On opening night, VideoFest will present the 1927 silent film, Metropolis, along with an original musical score by composer Brian Satterwhite and again performed by the Dallas Chamber Symphony. Making this a triple collaboration is dance, choreographed by Christopher Dolder and presented by SMU’s Meadows Dance Ensemble. The dancers will perform on two platforms at the Dallas City Performance Hall while the film rolls and the musicians play.
Dallas Chamber Symphony Artistic Director Richard McKay is very excited about this year’s alliance.
“What’s so special about the program is that we are pioneering a new day of digital collaboration,” McKay says. “We’ve created a cohesive experience between film, music and dance so nothing seems separate. And working with Bart, who is an expert in silent film, makes this a wonderful partnership. He is great working with people and a good influence on all of us.”
That’s the number one new thing. The number two new thing happens during the weekend evening programs of the festival. Before each of the film screenings, percussionists, poets, and performance artists will perform. The purpose, Weiss says, is to bring the entire artistic community into the festival.
There’s something about Big D
Like most things in his life, producing a television show for KERA was not something he sought out or planned to do. But friends at the station suggested he create a show, called Frame of Mind, which features independent films produced by Texas-based professional filmmakers. So he did. And a few years later, when both producers left the show, he in 1995, he became the sole producer.
“It started out being on the air once a month, then once a quarter, then whenever I had time. Then last year we got together and made this a real TV show with a regular season.”
It’s incredible he says, that someone who doesn’t work for KERA is able to program for the station.
“There is something about the Dallas community that will let me do this and it’s really rare,” Weiss admits. “Most cities, most film festivals don’t talk to each other or help each other.”
Weiss serves on festival juries (watching and evaluating films), and does Q&As in Dallas and beyond. This year he worked with the McKinney Classic Film Festival and the Asian Film Festival of Dallas as well as many others.
“He a funny guy,” says Alicia Chang, Executive Director of the Asian Film Festival. She serves on the board of the Video Association of Dallas, which Weiss is president of. The two support and help each other. “He has so many interests and projects he’s involved with and still offers to help each year. He’s what you think of when you think of an artist—extremely passionate and cares about people.”
“It’s the personalities within the art community,” Weiss says. And in the same vein, people who teach film and video work together. Whether it’s SMU or UTA or UNT. “There’s a real spirit of cooperation.”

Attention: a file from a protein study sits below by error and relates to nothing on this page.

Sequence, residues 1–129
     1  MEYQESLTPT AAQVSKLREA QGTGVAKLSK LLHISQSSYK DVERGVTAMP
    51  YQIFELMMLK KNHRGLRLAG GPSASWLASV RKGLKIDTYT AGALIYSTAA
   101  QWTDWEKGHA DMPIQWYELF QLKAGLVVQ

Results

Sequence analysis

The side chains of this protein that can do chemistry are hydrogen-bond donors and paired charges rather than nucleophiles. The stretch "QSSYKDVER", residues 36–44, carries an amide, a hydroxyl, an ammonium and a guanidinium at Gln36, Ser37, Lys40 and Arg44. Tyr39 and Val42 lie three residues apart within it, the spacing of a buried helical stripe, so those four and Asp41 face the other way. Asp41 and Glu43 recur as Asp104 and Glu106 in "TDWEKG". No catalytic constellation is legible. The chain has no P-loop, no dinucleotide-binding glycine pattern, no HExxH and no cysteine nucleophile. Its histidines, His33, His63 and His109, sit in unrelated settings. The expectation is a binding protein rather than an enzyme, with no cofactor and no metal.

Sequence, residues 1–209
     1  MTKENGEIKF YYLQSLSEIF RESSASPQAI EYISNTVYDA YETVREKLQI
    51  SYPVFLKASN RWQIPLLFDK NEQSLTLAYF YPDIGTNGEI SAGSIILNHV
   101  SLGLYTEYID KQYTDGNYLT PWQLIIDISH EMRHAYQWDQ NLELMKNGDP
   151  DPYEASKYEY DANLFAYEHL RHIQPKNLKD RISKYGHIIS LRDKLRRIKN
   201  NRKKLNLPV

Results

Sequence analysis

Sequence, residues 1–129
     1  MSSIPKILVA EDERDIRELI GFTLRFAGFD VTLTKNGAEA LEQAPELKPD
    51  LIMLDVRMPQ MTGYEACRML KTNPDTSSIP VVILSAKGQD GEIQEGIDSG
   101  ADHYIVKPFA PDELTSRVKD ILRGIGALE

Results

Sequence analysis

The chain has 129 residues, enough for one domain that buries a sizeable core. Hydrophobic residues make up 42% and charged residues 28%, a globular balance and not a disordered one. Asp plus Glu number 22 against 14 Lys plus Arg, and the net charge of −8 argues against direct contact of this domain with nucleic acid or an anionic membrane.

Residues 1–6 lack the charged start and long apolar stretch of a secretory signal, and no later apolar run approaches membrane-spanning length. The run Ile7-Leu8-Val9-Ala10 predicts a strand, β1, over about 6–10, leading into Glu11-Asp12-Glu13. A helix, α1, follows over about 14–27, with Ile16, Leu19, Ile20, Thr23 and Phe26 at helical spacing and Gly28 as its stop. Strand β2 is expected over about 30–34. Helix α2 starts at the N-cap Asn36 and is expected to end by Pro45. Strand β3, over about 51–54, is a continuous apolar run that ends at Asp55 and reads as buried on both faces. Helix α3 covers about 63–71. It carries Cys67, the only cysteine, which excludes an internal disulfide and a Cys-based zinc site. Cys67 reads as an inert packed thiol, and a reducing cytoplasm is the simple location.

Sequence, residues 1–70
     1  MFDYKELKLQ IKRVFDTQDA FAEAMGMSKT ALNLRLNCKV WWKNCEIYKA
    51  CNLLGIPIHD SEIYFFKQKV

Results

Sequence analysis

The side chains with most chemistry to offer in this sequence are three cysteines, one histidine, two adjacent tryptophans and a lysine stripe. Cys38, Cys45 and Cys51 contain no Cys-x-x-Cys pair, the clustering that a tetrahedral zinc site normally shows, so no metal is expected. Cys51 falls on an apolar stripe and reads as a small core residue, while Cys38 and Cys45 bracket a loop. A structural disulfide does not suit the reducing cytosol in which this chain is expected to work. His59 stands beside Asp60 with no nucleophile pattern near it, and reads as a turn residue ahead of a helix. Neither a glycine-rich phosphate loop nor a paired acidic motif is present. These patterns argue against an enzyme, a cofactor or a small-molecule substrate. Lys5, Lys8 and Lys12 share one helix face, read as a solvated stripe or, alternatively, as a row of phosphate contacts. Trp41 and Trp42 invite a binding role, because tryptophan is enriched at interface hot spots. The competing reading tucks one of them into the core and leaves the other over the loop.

Finding a home at UTA
Weiss joined the film program at the University of Texas at Arlington 17 years ago. It’s a place, he claims, where students don’t make student films, they are students making films.
“We don’t let our students make films that don’t mean anything or don’t have the potential to change the world. We are really hard on our students, if they bring something in and it isn’t right, they do it and again and again.”
Most of his students don’t come from privileged backgrounds. Many are first generation college students, so making it in the film business is a really big deal, Weiss says. “Sometimes it’s fighting their parents to let them do this.”
As we were wrapping our interview, he tells me a story about a student named Iris Lopez. Having made some nice films in his media class, he asked her if she had shown them to her father. She said her father was not interested and didn’t support her decision to study filmmaking. In her next class with him, she made a beautiful Spanish film about two kids who were broke and hard up. At the film’s screening, Weiss was facilitating a Q&A and said, “I understand there is someone special here tonight.” Iris responded, “Yes, my father,” then motioned to the back of the theater where he was seated. Unexpectedly, her father stood up and in front of everyone, told her how proud he was of her. In that moment, the entire dynamic of their relationship changed.
“We do things like that at UTA,” he said as he wiped the tears from his eyes.
Bart Weiss believes that the world can be changed by people watching good films, whether they’re about the media or a polka band.
Listening to him passionately speak about his life’s love, there’s no doubting that he’s right.
For information about the more than 200 films that will be screened during the festival beginning Oct. 13, click here.
This feature is also published on Theater Jones. Click here to view along with full coverage of the festival.